Luongo Looks to Rebound in Game 4

By David Strehle
NHL H
ot Stove Creative Editor

Monday night, Vancouver Canucks’ goaltender Roberto Luongo gave up eight goals in a single NHL game for just the third time in his career.  With no doubt about the outcome of the contest for much of the third period, it was curious that Luongo was still in the Canucks’ crease instead of backup Cory Schneider.

I thought at 4‑0, going at the beginning of the third with a power‑play, we might be able to do something,” Vancouver head coach Alain Vigneault explained after the 8-1 pounding by the Boston Bruins in Game 3.  “That’s why I kept him in.  At 5‑1, I asked him what he wanted to do.  He said, ‘Don’t even think about taking me out’, so that’s what I did.”

Jim Rogash / Getty Images

Luongo confirmed as much.

Alain asked me when there was about eight minutes left,” he said.  ”I said I wanted to stay in.  If I would have known they would have scored three more times, I might have thought about it (laughs).  Even though we were losing 5-1, it was a pretty intense game and I still wanted to be in there.”

The Bruins would go on to score three more goals in a span of just 1:50 late in the game, with the final tally coming with only 31 seconds remaining.

They kept putting the pressure on,” Luongo said yesterday in an off-day interview.  “The game was pretty much out of reach for us.  I don’t know, I mean, they obviously were not satisfied with 5-1 and kept pressing.  We started maybe taking our attention away from our game plan, started worrying about physical aspects of the game, which we shouldn’t be doing at this point.”

the Game 3 loss was the first bit of adversity that the Canucks have had to face in these Finals.  Will the fact that those three late goals came on Boston’s final three shots of the game - further bludgeoning a Vancouver squad who had done pretty much everything right in the first two contests of the series – have a carry-over affect into tonight’s Game 4?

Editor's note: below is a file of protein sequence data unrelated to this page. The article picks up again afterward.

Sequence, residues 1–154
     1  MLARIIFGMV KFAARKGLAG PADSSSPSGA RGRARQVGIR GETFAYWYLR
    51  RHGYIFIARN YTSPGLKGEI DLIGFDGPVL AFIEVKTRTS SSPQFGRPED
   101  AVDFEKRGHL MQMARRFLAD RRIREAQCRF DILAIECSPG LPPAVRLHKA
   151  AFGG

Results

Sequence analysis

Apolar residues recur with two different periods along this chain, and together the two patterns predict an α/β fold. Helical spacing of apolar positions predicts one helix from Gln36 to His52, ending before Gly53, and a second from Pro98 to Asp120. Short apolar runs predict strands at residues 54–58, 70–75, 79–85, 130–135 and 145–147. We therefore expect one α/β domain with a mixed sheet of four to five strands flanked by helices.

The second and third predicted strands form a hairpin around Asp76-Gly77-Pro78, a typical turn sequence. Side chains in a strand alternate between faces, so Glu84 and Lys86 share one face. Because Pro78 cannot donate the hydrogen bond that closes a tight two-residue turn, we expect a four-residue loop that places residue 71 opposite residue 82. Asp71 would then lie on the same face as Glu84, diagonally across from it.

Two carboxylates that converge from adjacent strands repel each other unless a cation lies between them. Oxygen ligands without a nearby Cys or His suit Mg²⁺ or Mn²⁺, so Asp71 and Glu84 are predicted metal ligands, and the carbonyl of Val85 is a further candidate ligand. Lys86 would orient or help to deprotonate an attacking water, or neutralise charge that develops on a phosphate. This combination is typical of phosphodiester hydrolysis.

The former-team captain doesn’t seem to think so.  He believes both he and the Canucks will be just fine, as long as they just get back to basics.

The score doesn’t really matter,” the 32-year-old goaltender said yesterday of the loss.  ”We’re in the playoffs.  It’s all about winning a game, right?  As a team, we got to look at it we lost a game.  We just got to get back to doing the things we do.  No matter what the score of the game is, we have to keep playing our game, not deviate from our game plan.”

Winger Daniel Sedin said the blowout loss wasn’t all Luongo’s fault, and he has every confidence that his netminder will be ready for Game 4 tonight.

That’s not a problem (Luongo’s ability to bounce back),” Daniel said.  ”Can’t really say it was his fault.  As a team, we didn’t help him out.

Prior to Monday’s rout, Luongo had yielded just six goals in his previous four games.  Over the course of those four contests, Luongo stopped 151 of 157 shots – a staggering .962 save percentage.

Included in this postseason have been two clutch, classic overtime wins in series-clinching games.

After jumping out to a 3-0 games lead in the first round against the Chicago Blackhawks, Luongo was pulled in both Games 4 and 5, and began Game 6 on the bench.  He not only started Game 7, but turned in a 31-save gem in a 2-1 overtime triumph to help Vancouver take the series.

The triumph exorcised the demons associated with the past playoff horrors experienced by the Canucks at the hands of the Blackhawks.

In the Western Conference Final clinching 3-2 victory in Game 5 over the San Jose Sharks, Luongo turned in a spectacular double-OT, 54-save gem.

He has outdueled three excellent netminders thus far.  He has outplayed rookie Corey Crawford, last year’s Stanley Cup-winning goaltender Antti Niemi, and Pekka Rinne.

Now he must do the same with slinky-for-a-spine, acrobatic Bruins’ goalie Tim Thomas.

Even Luongo’s harshest critics have to acknowledge that he has proven himself, and he has quieted their sometimes misguided disparaging remarks.  He has shown himself capable of playing at the highest-possible level, and may just add a Stanley Cup victory to the Gold Medal he captured for Team Canada at the 2010 Olympic Games in Vancouver.

A huge determining factor to that end will be how well he and his teammates play tonight in Game 4.  A win will allow his club to take a stranglehold 3-1 lead heading back to Vancouver.  A loss will put the Bruins back on even footing, and the murmurs of the Canucks allowing the series to slip away will begin to get louder.

Luongo isn’t about to sit back and feel sorry for himself after the Game 3 beat down.  He seems well-focused on the situation at hand.

I waited my whole life to be here (Stanley Cup Finals),” Luongo said.  ”I’m not going to put my head down.  It’s time to get back to work.
Obviously last night (Monday) was disappointing for all of us.  We have a great opportunity.  We’re in the Cup final.  Even though there are going to be some tough times, you have to be in the moment and focus.”


If you have any comments or questions, you can email the author at dstrehle@nhlhotstove.com.  You can also follow him on Twitter – @David_Strehle